Working Under a Teamster Contract, For Less Than Minimum Wage
Teamster bus attendants in New York City are working under a union contract that pays new workers less than minimum wage. Through a mass meeting, group grievances, leafleting, surveys, and legal action, they’re demanding their rights from their employer—and their local.
The company, Outstanding Transport, contracts with social service agencies to ferry mentally and physically handicapped adults to educational programs and on field trips. The company employs drivers, who start at $360 a week, and attendants, called “matrons,” mostly women, at $175.
The contract specifies a work week of 40 hours “within a twelve hour spread”—which would translate to an hourly rate for a starting matron of $4.38. Driver Natalie Adams explains that both drivers and matrons work split shifts, typically a morning run of around three hours and an afternoon run of four hours. In between, they are required to attend classes, check and clean the bus, and drive frequent mid-day field trips.
Keyva Walker, a matron for seven years, said owner Charles Curcio claims the matrons work only five hours a day. She had just dropped off her last client of the day at 6 p.m., after a 6:30 a.m. start time.
“Doing this job takes a lot of patience,” says Walker. “You have to genuinely care about these people to do this job. Some can’t talk, to tell you something’s wrong, some have behavior problems; we have biters, spitters, strippers.”
Since the workers’ agitation began, Walker said, Curcio is attempting to make their hours look shorter. “He just gave us a new policy on new company letterhead,” she said. “We’re supposed to meet the driver at pick-up time instead of report to the office. Payroll starts then, and once the last consumer is off the bus we are off the clock.”
In 2008 Curcio signed a contract with Teamsters Local 854, which represents mostly school bus drivers. The Curcio family owns several of the largest companies in the local and pays widely varying wages.
Earlier this year driver Luis Santiago got fed up with his low wages and Curcio’s lack of respect. He discovered Teamsters for a Democratic Union, the national reform group, on the internet. He went to a New York TDU chapter meeting and learned that a group called 854 Members for Change already existed—school bus drivers organizing across company lines to enforce their contracts and bring everyone’s pay up.
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TDU helped Santiago file a complaint with the state Department of Labor, which began an investigation, interviewing dozens of workers. Members of Local 854 and other TDU volunteers went to Outstanding locations to leaflet workers and got an enthusiastic reception. Workers made copies and passed them out. The New York Daily News ran two scandalized stories about the case.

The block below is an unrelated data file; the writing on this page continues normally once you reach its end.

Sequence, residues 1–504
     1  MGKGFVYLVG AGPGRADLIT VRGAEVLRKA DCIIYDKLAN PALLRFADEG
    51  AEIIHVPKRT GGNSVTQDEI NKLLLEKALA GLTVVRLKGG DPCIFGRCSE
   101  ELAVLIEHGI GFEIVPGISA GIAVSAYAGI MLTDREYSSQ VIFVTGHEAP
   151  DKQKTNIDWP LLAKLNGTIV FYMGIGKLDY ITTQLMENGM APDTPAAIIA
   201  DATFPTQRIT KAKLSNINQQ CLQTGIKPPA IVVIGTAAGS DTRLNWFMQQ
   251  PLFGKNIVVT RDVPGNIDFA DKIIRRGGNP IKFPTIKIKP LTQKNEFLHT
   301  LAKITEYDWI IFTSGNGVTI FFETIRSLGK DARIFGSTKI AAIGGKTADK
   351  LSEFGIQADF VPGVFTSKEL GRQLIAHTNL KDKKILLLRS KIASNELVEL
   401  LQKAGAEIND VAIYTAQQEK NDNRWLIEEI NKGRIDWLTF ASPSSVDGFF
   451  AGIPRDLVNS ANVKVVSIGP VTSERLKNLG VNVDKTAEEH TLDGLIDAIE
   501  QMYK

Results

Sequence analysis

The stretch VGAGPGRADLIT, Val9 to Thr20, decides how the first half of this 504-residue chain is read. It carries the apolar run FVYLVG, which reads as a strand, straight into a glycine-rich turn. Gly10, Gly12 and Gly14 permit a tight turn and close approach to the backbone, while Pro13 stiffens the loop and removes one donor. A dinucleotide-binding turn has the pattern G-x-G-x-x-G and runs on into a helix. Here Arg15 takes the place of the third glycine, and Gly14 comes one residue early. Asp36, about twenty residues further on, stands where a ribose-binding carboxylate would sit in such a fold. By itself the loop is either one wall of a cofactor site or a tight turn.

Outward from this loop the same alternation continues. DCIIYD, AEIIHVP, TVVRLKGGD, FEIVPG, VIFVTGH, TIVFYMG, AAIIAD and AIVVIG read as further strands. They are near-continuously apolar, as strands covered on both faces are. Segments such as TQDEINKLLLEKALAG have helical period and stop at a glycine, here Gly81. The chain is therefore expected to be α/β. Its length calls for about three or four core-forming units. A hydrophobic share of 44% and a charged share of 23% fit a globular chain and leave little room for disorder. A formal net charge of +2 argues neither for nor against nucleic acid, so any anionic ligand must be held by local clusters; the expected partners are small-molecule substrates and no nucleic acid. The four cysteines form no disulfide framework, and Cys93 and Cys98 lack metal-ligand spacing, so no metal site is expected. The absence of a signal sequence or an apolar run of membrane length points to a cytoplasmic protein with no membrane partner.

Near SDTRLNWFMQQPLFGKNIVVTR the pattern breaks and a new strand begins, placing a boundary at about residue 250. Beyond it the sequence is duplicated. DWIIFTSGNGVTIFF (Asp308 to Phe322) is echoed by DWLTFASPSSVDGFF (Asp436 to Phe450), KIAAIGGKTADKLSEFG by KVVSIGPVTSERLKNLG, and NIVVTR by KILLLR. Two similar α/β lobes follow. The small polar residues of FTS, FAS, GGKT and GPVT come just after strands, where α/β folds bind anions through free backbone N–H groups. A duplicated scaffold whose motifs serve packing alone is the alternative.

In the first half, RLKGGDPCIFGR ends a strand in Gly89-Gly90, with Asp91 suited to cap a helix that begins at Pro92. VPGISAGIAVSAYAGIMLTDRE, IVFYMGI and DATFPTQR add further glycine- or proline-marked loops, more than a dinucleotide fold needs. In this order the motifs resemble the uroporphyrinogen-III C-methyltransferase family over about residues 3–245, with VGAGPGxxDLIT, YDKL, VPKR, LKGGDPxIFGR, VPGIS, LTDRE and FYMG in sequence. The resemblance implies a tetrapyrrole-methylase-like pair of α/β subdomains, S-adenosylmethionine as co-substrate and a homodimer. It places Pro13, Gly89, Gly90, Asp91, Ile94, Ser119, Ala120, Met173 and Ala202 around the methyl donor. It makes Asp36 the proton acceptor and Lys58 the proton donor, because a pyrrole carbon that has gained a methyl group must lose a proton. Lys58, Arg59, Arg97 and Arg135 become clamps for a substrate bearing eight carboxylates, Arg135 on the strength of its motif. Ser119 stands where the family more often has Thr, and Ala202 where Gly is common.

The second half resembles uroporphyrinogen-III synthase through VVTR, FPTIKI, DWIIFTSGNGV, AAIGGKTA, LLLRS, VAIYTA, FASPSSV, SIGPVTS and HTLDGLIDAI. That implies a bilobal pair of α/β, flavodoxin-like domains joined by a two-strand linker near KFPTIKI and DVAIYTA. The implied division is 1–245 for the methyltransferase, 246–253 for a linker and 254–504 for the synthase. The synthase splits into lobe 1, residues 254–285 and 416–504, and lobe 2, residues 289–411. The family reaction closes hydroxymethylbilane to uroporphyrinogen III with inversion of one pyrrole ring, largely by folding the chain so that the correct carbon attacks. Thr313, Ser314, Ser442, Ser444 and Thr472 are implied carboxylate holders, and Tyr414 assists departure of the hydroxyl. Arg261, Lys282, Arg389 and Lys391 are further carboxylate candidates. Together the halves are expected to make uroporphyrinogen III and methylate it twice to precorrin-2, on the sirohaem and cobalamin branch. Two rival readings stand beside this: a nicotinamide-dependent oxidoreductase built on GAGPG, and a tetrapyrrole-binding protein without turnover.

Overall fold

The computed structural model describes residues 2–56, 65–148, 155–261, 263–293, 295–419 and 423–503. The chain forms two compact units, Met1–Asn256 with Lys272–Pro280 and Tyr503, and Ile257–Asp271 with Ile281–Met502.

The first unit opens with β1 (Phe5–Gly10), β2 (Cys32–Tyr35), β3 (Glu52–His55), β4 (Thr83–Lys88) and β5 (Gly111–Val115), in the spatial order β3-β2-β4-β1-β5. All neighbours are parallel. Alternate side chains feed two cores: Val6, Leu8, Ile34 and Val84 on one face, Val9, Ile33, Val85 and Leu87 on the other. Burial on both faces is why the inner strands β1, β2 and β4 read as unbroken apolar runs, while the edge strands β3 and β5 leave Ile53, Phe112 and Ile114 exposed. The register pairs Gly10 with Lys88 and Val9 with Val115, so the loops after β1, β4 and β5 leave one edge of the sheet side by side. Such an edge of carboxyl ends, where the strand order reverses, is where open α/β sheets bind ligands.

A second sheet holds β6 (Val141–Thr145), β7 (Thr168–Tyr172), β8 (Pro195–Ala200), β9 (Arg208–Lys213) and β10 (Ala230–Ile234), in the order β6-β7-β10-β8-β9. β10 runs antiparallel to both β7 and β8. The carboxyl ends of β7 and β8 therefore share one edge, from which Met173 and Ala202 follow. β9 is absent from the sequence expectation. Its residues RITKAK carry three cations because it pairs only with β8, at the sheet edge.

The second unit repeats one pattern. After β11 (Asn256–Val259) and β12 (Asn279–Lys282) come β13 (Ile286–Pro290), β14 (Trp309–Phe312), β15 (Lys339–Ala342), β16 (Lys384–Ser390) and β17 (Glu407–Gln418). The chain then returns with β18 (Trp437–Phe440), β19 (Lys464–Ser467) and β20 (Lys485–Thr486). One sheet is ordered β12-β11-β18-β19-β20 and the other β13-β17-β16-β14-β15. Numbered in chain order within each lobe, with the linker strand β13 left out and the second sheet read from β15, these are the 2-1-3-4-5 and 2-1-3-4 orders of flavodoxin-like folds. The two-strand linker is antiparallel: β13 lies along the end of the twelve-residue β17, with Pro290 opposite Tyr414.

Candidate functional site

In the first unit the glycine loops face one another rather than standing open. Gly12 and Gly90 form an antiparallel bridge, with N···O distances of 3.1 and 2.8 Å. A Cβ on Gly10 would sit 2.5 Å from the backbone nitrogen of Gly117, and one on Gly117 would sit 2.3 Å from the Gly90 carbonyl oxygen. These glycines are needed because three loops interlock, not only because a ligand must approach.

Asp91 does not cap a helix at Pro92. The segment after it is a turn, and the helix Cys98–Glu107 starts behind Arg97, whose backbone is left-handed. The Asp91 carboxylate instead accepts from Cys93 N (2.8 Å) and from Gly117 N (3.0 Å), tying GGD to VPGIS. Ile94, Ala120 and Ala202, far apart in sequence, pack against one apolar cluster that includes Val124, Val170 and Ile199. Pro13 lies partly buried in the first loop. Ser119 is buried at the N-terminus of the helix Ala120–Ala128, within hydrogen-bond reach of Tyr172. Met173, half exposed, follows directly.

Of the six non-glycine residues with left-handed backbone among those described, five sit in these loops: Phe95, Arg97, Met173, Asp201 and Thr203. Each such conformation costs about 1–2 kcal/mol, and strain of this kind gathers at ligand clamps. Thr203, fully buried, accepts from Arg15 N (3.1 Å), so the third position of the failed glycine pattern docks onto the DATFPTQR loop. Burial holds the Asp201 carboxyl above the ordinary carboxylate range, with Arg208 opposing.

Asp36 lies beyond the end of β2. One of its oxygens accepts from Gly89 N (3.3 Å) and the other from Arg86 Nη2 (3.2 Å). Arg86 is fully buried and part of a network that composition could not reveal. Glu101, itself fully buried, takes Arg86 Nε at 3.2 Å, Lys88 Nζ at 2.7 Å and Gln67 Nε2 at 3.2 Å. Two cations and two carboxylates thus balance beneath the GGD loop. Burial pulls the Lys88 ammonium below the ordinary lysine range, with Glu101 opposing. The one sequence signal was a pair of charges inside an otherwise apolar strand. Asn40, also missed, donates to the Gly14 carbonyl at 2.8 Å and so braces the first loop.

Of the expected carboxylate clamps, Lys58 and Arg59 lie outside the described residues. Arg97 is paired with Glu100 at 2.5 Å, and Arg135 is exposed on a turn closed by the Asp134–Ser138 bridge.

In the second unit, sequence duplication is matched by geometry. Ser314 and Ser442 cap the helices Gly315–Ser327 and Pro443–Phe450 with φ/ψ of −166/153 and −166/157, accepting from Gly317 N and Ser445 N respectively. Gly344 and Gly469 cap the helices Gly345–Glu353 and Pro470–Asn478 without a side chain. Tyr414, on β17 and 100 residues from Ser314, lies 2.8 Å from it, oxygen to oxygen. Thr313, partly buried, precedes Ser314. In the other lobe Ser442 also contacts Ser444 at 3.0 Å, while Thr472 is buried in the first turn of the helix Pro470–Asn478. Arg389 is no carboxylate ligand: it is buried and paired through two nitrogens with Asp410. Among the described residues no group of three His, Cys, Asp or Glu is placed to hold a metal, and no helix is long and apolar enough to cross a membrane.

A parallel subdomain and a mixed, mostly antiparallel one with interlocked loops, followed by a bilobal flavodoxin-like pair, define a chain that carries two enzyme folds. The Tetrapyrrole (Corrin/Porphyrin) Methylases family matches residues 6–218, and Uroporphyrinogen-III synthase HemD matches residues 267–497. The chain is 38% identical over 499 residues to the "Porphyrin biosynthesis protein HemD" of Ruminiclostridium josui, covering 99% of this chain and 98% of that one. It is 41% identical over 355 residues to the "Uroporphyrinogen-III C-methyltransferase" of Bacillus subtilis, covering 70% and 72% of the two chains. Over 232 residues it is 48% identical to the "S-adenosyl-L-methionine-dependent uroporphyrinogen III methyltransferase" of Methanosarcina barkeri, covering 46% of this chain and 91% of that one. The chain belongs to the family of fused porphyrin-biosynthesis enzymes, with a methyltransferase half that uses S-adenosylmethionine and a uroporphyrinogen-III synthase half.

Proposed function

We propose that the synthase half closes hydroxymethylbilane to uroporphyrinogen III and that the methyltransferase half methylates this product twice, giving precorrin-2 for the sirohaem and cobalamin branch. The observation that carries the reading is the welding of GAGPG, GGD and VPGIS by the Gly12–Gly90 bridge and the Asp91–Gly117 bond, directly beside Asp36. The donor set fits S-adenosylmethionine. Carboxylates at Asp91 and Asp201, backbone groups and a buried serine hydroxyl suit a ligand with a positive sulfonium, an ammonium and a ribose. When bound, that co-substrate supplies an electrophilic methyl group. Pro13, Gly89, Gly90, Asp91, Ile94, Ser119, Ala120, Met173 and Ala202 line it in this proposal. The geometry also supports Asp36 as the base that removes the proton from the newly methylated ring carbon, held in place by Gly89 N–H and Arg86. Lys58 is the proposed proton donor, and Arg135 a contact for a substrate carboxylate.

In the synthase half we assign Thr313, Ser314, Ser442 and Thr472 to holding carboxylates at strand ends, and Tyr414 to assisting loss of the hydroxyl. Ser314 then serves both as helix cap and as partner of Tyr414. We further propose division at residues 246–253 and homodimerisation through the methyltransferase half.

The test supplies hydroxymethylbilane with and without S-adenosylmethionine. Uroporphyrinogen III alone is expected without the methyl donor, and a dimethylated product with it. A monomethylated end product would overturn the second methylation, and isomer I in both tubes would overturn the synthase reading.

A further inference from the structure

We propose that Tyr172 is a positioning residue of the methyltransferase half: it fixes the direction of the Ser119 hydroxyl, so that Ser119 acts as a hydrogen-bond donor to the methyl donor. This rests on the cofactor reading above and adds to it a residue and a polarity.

Noreen Hollingsworth, a Teamster who works for the city, was one of the volunteers. “Our leafleting was the thing that got them on board,” she said.
More than 90 drivers and matrons, out of a workforce of about 200, packed a neighborhood church September 14 to learn about their rights. For many it was their first time at a union meeting. They formed a committee on the spot.
The committee continues to meet regularly. Members have gotten more than 100 signatures on three group grievances: demanding to be paid for field trips they work, time-and-a-half for overtime, and at least the minimum wage.
Local 854 held its own meeting “to rebut the TDU meeting,” Adams said. Twenty people came, and management was there, with helpful suggestions. Union officials appointed stewards—who promptly joined the TDU organizing committee.
Now matrons and drivers are carefully logging their hours, and how long they’re expected to wait with the vehicle, so they can prove they’re illegally underpaid.
Adams attended the national TDU convention in early November. When she returned, she was assigned for three days to buses that were unsafe to drive. One had exposed wires, another no straps to secure wheelchair clients into their seats. When Adams refused to drive the bus—and took pictures of the unsafe conditions—she was sent home.
Later that day, however, a boss apologized and promised to pay Adams for the day. Apparently he’d learned that workers know their rights now—and didn’t want to see pictures of his buses in the paper.